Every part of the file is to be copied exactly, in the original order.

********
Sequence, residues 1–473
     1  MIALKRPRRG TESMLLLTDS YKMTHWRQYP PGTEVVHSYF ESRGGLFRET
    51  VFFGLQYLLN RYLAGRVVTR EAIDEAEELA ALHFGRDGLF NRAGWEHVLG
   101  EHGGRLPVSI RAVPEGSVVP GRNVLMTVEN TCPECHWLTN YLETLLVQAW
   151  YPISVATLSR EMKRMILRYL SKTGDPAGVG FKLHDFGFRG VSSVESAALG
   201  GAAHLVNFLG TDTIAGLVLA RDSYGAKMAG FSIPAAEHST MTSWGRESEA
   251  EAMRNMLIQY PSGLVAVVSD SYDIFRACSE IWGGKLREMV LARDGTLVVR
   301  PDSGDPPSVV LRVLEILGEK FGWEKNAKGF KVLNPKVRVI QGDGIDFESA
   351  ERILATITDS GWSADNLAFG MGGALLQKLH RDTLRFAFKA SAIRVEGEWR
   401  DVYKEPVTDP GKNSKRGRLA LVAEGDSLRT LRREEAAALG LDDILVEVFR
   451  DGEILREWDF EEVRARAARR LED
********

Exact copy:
Sequence, residues 1–473
     1  MIALKRPRRG TESMLLLTDS YKMTHWRQYP PGTEVVHSYF ESRGGLFRET
    51  VFFGLQYLLN RYLAGRVVTR EAIDEAEELA ALHFGRDGLF NRAGWEHVLG
   101  EHGGRLPVSI RAVPEGSVVP GRNVLMTVEN TCPECHWLTN YLETLLVQAW
   151  YPISVATLSR EMKRMILRYL SKTGDPAGVG FKLHDFGFRG VSSVESAALG
   201  GAAHLVNFLG TDTIAGLVLA RDSYGAKMAG FSIPAAEHST MTSWGRESEA
   251  EAMRNMLIQY PSGLVAVVSD SYDIFRACSE IWGGKLREMV LARDGTLVVR
   301  PDSGDPPSVV LRVLEILGEK FGWEKNAKGF KVLNPKVRVI QGDGIDFESA
   351  ERILATITDS GWSADNLAFG MGGALLQKLH RDTLRFAFKA SAIRVEGEWR
   401  DVYKEPVTDP GKNSKRGRLA LVAEGDSLRT LRREEAAALG LDDILVEVFR
   451  DGEILREWDF EEVRARAARR LED